Ms Huq, the longest-serving female presenter of the BBC show, was set for a career in science before she broke into television.
She is now an author of children’s books aimed at “making science cool”. Her Cookie series, which has a second book due this summer, follows a nine-year-old girl with a love of science.
She has called on schools to promote women such as computer programming visionary Ada Lovelace and DNA pioneer Rosalind Franklin.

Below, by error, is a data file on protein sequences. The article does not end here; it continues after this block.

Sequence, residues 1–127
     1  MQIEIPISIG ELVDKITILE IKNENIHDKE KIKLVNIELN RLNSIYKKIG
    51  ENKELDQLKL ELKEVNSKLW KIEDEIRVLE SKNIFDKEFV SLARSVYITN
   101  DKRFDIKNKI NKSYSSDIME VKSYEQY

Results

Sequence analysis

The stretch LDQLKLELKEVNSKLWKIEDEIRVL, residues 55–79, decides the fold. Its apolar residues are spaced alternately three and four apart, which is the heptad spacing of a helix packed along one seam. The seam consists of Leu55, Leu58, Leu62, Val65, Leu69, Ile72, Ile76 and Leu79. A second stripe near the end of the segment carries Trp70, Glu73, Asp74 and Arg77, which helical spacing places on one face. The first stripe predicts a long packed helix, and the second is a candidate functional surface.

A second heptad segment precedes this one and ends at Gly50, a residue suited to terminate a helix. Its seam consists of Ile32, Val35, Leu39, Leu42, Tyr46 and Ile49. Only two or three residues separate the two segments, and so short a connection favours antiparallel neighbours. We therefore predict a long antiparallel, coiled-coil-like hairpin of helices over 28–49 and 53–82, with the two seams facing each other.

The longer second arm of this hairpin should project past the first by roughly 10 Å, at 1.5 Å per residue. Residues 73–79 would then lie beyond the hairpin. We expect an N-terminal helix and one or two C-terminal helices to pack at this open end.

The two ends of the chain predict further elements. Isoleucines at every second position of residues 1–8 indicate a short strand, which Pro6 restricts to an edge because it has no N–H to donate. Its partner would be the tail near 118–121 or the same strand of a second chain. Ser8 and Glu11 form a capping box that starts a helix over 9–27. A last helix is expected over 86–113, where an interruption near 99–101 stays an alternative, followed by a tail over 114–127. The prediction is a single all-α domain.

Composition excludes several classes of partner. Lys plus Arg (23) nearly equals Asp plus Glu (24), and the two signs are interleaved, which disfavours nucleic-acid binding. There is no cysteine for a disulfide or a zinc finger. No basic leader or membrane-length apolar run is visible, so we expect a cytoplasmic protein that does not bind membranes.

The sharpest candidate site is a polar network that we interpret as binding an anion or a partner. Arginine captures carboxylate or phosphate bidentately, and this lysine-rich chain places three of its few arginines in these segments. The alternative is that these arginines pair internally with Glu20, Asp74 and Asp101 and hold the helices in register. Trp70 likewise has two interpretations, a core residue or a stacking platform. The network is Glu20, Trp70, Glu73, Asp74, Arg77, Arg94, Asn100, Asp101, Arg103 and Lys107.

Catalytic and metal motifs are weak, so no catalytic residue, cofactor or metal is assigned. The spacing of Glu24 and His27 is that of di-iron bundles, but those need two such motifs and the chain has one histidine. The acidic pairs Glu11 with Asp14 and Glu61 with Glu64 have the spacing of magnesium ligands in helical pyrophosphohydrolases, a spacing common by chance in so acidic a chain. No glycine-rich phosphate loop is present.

A report last month found 14 mentions of male scientists in the GCSE syllabus but none of women.
Ms Huq said: “Girls will not be able to picture themselves in a science role because they will not see it as tangible or viable as a career.”
Despite a rise in women studying science, technology, engineering and mathematics (STEM) subjects at university, just 35 per cent of students on these courses are women.
British Science Week starts today and Ms Huq will be a judge for the British Science Association’s Youth Industrial Strategy Competition at the Big Bang Fair in Birmingham next week.
“It’s about flipping and reversing stereotypes about science. That is what we need to do to put the right things into the heads of young people,” she said.